Last week I visited Craft Izakaya again with friends, and we finished our excellent sushi bar meal by asking Chef Jason Liang if he would put together a donburi (rice bowl) for us, comprised of whatever he was feeling. A rice bowl is a comforting ending to any sushi meal (I also enjoy a well done tekka maki to wrap things up) and provides the chef an opportunity to get creative with an ensemble of whatever is rocking that day.

Chef went beyond my expectations with an outrageous mix of scallop, shrimp, uni, salmon roe (ikura), chopped toro (luscious tuna belly), and crunchy cucumbers, with a little bit of soy sauce and a garnish of the pickled spicy wasabi stems I love so much. Bursting and creamy and crunchy fresh, and also beautiful, in my won-the-lottery fantasy I would eat a riff on this every day, in between meals from David Sweeney, who is head chef in said fantasy.

So yeah, it’s really good. I want more now, which is why I wrote this post.

Chef Liang just left Craft to travel abroad and eventually wants to open his own sushi restaurant in Buckhead, but I’m sure owner/chef Jey Oh will continue to develop talent at his very popular Krog Street Market restaurant.

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Fred's @ KSM

Yesterday marked “day one” of Krog Street Market. Never mind that Craft Izakaya and The Luminary have been open for months, and that most of the food stalls are not open yet. But I guess the first of the stalls have begun serving customers, so I was there, day two, ready to eat.

Pretty much the only option for lunch is Fred’s Meat & Bread, offering all things pleasurable on bread – burgers, pork, fried chicken, steak, and so forth. It’s from the team behind The General Muir which includes one of Atlanta’s best chefs (Todd Ginsberg) and bakers (Rob Alexander) and my first visit was very solid. A few kinks to work out, but based on the line of fifty people by the time we left, they are going to get plenty of fine-tuning practice.

A few notable points: The bread is all fantastic. A better cheesesteak cannot be found in Atlanta. The homemade ketchup offered for one of three types of fries (BBQ, frites with aioli, bay seasoning) is the best homemade version I’ve maybe ever tried. Most are so watery and gross – this version snaps with acidity and sweetness. The bacon and mortadella was the most manageable and reasonable sandwich, and one of the tastiest too. We wanted porchetta but it wasn’t ready yet. I’m told the salsa verde really puts it over the top.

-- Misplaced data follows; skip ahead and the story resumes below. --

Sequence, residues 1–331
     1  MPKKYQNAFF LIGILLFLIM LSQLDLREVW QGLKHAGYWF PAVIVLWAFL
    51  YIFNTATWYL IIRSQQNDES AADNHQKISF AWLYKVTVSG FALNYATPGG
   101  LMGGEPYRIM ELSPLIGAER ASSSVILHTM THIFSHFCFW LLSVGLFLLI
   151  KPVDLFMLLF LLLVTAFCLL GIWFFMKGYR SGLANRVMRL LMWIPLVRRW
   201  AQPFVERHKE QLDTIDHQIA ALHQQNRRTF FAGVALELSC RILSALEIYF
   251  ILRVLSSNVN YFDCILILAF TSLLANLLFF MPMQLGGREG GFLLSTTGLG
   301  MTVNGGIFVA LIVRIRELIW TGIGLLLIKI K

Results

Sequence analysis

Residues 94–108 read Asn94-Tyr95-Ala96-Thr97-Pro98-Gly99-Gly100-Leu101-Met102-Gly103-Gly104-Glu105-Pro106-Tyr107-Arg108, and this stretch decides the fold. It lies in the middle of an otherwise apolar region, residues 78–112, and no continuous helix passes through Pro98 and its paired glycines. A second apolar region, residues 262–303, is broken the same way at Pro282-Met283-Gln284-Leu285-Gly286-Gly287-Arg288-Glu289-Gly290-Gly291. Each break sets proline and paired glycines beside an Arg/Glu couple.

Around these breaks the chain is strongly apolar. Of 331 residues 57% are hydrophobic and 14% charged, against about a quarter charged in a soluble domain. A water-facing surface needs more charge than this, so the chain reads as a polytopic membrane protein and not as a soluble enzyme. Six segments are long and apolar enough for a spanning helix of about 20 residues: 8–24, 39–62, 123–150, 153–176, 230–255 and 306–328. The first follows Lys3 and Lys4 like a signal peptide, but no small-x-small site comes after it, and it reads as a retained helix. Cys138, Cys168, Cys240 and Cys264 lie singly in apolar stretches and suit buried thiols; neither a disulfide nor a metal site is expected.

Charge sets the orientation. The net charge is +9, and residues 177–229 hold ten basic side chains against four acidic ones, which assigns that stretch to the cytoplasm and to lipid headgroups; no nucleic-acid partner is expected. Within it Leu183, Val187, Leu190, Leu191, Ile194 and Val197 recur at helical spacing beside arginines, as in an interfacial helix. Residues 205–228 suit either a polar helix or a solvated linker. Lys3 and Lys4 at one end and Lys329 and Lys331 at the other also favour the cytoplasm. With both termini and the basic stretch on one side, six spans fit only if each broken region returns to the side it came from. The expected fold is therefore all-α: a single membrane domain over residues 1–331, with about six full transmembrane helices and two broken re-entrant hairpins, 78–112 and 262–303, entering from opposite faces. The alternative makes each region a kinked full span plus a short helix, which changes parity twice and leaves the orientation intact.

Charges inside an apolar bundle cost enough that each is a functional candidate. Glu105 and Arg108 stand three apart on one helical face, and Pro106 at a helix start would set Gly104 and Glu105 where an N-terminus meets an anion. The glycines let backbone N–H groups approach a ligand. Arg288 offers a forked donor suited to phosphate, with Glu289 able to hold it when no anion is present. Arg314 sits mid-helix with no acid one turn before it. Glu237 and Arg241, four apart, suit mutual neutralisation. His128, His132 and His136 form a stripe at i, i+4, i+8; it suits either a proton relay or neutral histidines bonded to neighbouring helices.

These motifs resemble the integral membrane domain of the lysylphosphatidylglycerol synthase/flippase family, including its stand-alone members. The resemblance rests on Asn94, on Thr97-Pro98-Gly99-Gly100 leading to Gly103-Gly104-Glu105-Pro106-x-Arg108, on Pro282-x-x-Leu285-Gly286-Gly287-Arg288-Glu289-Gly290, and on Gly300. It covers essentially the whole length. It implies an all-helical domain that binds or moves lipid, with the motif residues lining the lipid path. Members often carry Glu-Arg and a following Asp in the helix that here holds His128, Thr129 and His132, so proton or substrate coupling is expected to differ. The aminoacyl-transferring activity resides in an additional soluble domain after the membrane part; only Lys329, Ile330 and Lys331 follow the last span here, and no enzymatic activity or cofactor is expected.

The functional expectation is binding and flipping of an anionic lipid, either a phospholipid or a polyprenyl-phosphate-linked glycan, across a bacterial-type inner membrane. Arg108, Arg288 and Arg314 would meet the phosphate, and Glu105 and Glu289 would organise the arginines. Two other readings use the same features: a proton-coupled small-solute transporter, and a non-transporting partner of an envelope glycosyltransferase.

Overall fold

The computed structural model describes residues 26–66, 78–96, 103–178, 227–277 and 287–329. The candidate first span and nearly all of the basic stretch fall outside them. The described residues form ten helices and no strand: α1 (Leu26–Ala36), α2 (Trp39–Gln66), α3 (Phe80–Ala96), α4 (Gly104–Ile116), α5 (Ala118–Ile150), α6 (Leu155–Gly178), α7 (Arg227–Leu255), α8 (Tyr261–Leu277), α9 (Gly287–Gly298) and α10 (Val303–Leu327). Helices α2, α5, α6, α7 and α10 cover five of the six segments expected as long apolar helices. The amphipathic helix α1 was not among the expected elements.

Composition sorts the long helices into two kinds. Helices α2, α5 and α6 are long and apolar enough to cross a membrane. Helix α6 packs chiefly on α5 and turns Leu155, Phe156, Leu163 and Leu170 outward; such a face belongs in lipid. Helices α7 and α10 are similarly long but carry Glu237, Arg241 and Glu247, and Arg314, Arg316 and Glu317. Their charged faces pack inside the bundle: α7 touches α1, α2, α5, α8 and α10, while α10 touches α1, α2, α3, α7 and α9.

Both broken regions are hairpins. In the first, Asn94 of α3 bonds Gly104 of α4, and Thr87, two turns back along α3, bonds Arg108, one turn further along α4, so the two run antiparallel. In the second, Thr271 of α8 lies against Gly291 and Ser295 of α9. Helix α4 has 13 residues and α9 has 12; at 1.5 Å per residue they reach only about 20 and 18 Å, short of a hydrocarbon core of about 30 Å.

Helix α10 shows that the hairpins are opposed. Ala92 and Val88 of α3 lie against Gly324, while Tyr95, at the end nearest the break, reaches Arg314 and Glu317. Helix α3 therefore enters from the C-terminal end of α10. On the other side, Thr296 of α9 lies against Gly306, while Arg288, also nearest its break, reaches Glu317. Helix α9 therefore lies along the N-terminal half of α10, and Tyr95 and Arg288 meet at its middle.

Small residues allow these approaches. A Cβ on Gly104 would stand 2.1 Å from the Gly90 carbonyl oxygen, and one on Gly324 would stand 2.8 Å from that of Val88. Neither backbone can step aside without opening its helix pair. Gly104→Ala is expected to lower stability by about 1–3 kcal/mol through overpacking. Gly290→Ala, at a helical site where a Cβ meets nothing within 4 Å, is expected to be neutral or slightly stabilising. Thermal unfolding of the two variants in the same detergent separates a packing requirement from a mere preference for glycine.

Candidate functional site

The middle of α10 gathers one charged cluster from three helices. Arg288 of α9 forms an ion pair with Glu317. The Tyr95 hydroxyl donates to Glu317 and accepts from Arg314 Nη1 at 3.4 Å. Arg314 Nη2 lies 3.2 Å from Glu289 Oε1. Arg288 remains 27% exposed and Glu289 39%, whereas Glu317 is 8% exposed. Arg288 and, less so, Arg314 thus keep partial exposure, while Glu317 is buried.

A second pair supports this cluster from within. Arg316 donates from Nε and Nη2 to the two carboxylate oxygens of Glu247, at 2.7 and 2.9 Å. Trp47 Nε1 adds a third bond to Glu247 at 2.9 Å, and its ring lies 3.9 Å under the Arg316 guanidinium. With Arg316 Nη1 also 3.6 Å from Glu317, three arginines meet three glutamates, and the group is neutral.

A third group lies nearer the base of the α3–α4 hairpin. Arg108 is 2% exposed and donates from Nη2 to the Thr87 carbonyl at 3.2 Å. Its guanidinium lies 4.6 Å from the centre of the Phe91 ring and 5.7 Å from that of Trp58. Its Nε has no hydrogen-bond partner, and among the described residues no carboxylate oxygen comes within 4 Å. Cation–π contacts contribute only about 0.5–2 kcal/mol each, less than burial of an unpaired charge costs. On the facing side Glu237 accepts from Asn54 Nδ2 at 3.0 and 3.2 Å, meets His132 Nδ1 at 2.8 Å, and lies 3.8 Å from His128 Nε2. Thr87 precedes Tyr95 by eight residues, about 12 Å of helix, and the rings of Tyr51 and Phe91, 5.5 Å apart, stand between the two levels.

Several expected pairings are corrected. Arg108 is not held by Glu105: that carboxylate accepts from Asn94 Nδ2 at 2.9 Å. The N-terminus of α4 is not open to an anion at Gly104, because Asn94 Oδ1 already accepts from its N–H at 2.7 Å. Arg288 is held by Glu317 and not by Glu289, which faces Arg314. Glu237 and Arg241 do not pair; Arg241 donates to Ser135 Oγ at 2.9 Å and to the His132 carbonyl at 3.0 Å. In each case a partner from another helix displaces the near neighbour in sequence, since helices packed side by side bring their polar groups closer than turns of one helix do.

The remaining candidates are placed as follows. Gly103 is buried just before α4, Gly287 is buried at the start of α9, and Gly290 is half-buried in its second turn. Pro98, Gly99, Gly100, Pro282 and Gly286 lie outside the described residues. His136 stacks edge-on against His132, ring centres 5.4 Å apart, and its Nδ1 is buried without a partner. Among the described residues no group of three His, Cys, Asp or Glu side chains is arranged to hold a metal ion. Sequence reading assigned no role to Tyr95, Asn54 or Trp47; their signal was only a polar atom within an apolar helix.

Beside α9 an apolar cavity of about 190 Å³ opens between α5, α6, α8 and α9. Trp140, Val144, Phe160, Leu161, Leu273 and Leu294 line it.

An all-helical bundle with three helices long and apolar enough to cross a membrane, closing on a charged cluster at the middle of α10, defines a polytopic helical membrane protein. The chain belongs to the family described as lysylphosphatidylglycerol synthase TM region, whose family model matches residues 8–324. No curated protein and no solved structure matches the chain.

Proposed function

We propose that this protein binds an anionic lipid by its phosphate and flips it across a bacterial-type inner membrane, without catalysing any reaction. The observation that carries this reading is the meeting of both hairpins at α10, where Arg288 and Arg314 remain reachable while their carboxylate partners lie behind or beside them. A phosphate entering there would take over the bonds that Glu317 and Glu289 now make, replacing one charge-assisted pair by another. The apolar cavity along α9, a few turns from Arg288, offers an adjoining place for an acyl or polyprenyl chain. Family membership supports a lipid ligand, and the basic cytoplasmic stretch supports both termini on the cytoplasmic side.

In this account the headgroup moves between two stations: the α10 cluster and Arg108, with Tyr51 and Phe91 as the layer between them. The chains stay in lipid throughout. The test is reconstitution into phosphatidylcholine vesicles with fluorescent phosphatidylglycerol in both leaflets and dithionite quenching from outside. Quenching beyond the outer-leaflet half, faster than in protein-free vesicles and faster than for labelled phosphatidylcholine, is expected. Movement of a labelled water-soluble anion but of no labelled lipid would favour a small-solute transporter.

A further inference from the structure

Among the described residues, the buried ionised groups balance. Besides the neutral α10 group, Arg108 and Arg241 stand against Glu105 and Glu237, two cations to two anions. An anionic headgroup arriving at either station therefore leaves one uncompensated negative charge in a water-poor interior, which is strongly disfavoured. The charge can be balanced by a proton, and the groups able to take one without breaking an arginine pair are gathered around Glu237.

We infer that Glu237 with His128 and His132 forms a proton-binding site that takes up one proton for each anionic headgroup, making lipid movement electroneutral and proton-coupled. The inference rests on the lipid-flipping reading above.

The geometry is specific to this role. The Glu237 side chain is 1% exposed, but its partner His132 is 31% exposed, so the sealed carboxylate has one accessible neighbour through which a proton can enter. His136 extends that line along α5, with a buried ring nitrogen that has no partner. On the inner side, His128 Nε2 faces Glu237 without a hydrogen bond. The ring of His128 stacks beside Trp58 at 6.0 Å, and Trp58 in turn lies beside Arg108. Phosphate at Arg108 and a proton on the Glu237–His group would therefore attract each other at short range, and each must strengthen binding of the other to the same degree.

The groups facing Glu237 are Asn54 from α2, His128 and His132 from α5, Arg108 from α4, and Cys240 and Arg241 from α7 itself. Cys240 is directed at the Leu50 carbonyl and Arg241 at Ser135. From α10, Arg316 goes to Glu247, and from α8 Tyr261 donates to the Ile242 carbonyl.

update-the ketchup is Sir Kensington brand. I’ve had it in the past and did not identify it by taste
as the same. My bad.

Other than that, not much additonal opinion offered as of yet. Just photos.

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Little Tart Bake Shop work area.

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Cheesesteak

Fred's @ KSM

Thick fries, classic branding

Fred's @ KSM

Fred's @ KSM

Fries are a pleasant change of pace from thin fries, like the version they serve at TGM

Fred's @ KSM

Fred's @ KSM

Fred's @ KSM

Fred's @ KSM

Fred's @ KSM

Fred's @ KSM

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IMG_9808

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Ribalta Pizza (midtown)

November 24, 2014

It’s interesting how much marketing matters. Take Ribalta, the relatively unknown pizza restaurant in Midtown, which replaced Piola, a generally accepted yet unloved pizza place from the same ownership group.  I read about Ribalta in AJC and it looked solid – there’s a lot of good pizza out there these days, and I’m happy to try it. But the AJC article read like […]

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Cooking Serious Eats – Chicken Chili, Green Chile Chicken

November 17, 2014

It’s no secret that I love cooking recipes from Serious Eats, particularly those from Kenji and his Food Lab. I constantly file them away in Evernote (so I can tag them) and search for them based on my mood or the season. Recently Kenji posted a creamy chicken chili recipe and I made it nearly immediately. […]

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Asheville Beer and Food. Mostly Beer.

November 10, 2014

Just a quick post after a recent trip to Asheville for a work retreat. Our management team had some discussion of potential synergies, thought out of the box about our vision, and had some required “team-building” aka drinking and eating. I’ve spent little time in Asheville, and was stoked to try some spots that have been […]

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General Muir Sandwiches

October 28, 2014

The sandwiches at The General Muir are what I’m currently craving, so here are photos so you may endure the hunger torture I’m dealing with at the moment. I love a breakfast sandwich. The General Muir’s pastrami and egg sandwich is just so frickin’ satisfying – it’s the tops for me. Thick, spicy pastrami, a dripping soft egg, and oozing excess of American […]

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Smoked Brisket Packer

October 23, 2014

I MADE THE ABOVE Lately I’ve been on a BBQ brisket tear – can’t get enough of it. I can’t recall the last time I ordered pork shoulder at a BBQ temple. Ribs and brisket – those are the two pillars of my smoked meat dreams. I’ve been reading a lot about brisket, as I leave for […]